Then there’s the bridge: “Believe in yourself; reach down inside; the Lord above will set you free.” It might be because of my agnostic, leaning towards atheistic tendencies, but for me, you either believe in yourself or believe in the Lord to set you free. Either work your own way through your own problems, or wait for a divine bailout. Any advice that gives both recommendations sounds like a speaker who’s hedging his motivational bets.

The rest of the bridge (“Believe in yourself; you will come alive. Have faith in what you do; you’ll make it through”) seems to hammer home the same point made earlier about getting through obstacles to get to a goal. But again, for me, it addresses a totally different problem from someone wanting to be different from who they are. It’s the last line in a long, meandering, falls-flat-on-its-face attempt at inspiring people to…

…I don’t know, really.

In Summary…

So basically, that’s why I hate the song “Stay the Same”, and there’s plenty about it I would change. You can still listen to it if you want, but I defy you not to cringe at the message, or lack thereof.

You know what? Just listen to “Man in the Mirror.” Whether you like Michael Jackson’s take or James Morrison’s, it’s a damn good song with a message written right.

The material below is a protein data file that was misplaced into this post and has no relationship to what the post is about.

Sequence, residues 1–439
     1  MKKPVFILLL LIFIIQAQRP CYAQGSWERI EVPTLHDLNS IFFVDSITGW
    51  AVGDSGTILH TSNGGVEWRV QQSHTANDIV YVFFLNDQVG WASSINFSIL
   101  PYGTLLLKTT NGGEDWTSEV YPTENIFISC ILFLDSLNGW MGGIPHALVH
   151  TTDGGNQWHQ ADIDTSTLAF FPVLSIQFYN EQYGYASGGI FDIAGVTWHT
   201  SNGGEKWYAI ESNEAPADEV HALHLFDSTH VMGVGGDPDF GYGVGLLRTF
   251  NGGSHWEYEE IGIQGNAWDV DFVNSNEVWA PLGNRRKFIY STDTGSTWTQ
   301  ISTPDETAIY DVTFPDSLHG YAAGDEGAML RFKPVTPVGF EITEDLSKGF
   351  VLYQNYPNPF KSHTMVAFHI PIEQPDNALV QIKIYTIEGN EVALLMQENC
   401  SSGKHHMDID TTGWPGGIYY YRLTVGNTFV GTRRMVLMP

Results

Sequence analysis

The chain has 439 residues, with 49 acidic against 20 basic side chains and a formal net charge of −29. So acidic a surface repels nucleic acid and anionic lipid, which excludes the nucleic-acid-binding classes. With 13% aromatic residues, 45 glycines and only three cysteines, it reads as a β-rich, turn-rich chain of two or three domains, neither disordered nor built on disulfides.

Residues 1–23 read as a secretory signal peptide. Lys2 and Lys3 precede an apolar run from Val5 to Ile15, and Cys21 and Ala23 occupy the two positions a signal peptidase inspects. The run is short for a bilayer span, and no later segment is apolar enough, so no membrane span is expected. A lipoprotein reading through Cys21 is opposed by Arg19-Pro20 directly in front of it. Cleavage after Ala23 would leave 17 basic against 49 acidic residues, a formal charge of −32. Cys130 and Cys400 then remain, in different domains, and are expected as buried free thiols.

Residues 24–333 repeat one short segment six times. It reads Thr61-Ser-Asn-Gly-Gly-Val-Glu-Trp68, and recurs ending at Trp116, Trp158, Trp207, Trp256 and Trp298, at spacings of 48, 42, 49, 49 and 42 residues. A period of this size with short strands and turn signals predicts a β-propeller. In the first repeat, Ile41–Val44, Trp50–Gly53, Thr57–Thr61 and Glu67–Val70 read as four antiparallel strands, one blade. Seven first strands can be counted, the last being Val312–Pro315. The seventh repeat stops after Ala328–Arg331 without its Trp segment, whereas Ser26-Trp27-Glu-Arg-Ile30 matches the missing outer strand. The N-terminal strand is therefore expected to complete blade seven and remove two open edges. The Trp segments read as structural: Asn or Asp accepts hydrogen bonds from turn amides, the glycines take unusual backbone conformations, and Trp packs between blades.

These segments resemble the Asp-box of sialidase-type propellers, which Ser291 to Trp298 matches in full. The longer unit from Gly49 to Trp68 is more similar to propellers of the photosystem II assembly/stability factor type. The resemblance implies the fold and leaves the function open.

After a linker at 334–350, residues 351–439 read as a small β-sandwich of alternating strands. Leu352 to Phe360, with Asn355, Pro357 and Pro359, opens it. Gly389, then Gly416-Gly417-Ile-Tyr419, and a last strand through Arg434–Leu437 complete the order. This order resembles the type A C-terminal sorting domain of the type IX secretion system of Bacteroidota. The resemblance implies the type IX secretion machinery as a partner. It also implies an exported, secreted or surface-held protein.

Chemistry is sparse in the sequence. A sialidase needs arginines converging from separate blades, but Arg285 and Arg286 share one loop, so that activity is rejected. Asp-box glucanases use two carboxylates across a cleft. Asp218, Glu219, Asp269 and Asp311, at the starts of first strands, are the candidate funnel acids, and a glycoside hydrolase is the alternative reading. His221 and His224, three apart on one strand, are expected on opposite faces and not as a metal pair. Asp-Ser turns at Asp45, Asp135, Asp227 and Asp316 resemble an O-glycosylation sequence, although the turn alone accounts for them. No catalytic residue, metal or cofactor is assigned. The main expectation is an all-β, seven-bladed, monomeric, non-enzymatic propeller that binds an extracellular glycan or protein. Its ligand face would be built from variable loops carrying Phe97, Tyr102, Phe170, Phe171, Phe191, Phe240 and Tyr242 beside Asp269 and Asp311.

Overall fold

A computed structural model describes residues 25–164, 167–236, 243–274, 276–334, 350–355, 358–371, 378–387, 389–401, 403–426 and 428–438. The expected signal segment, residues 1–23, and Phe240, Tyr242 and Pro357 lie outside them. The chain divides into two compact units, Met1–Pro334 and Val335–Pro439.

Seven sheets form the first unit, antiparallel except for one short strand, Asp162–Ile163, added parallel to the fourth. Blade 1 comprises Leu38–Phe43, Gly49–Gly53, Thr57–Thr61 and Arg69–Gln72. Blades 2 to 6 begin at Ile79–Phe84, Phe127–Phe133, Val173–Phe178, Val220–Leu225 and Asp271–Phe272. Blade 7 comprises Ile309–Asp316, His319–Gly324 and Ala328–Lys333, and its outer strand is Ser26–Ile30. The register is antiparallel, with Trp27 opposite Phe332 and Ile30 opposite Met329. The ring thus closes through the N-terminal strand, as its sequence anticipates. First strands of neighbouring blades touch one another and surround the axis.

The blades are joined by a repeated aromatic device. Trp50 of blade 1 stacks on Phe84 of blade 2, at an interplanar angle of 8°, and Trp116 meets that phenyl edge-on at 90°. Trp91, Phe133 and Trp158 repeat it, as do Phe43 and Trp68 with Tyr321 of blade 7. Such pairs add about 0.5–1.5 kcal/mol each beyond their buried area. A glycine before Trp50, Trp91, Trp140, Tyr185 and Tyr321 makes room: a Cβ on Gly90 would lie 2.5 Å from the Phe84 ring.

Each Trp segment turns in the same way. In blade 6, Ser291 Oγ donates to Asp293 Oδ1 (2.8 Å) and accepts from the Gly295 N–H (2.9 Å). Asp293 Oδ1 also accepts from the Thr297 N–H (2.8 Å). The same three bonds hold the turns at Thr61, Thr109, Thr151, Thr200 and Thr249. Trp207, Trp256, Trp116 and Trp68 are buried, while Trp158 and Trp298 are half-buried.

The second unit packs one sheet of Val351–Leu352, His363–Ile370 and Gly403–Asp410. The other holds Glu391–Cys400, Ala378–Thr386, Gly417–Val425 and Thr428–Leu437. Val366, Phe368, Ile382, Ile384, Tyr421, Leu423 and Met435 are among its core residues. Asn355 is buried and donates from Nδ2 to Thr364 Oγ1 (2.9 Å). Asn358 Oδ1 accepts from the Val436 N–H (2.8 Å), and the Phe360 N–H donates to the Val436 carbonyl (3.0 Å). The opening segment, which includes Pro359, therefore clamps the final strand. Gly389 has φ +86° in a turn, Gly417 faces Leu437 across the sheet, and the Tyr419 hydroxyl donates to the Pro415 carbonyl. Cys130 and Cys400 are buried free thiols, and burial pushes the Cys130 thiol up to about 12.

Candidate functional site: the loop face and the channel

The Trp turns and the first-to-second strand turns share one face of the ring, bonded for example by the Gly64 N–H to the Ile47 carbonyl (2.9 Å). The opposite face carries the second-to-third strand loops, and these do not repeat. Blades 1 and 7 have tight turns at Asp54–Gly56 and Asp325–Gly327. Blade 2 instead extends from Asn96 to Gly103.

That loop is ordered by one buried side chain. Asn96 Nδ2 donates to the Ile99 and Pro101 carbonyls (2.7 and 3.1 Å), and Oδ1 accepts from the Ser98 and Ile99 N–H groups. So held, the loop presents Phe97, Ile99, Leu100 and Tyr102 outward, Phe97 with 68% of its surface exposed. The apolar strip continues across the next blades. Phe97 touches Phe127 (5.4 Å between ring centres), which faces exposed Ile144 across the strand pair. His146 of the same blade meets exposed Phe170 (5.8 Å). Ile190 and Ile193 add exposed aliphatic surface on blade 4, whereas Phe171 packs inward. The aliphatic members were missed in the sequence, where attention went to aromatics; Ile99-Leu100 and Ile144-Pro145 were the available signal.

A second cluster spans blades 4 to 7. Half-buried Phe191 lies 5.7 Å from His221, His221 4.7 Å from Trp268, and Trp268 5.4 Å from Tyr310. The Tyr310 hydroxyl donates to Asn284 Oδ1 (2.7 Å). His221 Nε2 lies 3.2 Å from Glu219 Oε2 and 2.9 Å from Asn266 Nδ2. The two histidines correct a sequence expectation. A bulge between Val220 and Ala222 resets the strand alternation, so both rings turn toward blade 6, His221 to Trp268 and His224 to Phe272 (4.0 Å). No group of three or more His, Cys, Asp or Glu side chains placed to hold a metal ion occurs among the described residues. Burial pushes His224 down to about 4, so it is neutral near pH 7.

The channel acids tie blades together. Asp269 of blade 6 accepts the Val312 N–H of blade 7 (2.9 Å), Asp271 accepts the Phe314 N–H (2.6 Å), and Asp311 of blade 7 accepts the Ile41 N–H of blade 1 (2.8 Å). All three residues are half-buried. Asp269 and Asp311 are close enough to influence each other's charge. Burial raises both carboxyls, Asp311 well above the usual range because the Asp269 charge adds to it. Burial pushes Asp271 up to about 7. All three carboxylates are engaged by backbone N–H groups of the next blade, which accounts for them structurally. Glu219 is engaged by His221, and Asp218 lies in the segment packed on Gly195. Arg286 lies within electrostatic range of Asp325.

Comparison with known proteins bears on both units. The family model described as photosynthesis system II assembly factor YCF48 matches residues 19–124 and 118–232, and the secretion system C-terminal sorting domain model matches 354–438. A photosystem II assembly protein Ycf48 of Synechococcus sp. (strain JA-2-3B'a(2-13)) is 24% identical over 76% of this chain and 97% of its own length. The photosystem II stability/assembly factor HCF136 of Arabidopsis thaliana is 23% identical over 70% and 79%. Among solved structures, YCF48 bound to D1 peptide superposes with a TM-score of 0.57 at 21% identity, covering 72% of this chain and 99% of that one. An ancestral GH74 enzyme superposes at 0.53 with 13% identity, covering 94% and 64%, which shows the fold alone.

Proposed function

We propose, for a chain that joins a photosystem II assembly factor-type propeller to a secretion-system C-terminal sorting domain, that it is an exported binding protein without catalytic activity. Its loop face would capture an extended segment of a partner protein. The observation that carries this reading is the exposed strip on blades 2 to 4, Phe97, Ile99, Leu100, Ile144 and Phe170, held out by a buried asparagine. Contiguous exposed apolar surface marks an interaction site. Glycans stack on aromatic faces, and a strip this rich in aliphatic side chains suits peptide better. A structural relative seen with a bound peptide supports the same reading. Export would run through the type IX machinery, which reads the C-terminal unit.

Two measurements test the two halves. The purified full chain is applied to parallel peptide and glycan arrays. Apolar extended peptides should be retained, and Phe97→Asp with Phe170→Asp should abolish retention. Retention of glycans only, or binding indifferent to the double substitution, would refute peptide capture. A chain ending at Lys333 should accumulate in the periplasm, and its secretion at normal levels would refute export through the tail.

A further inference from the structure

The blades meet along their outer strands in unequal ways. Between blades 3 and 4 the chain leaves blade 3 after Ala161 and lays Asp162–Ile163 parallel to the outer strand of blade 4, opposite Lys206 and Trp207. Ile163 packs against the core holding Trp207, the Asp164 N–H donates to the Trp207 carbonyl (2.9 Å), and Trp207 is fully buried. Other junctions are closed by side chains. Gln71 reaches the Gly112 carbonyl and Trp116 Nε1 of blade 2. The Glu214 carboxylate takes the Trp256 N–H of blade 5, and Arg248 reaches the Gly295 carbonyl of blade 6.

The Case for “Sad” Songs

So, still continuing my musings on sadness. I just came from a party this past weekend, where I had the most fun I remember having had in a while. I acted like an idiot for a while out of my week, and it was great. It’s nice to think sometimes that nothing matters, and you can act any way you want, no matter what it looks like. I may act serious, but there are moments when the prospect of just letting go of inhibitions, having fun, and not caring about appearances or formality, is something I fantasize about.

drunk businessmen without inhibitions
Clearly, these are men to be envied.

But not caring how you act or what you look like can go both ways. Sometimes you want to be just really out-of-your-mind happy, but other times, you just want to vent all your frustrations, your sadness, and your worries. You may not be able to find the solutions within your sphere of influence (hence your frustrations), and sometimes the only way to let go of them is to just express them all away, however you can manage it.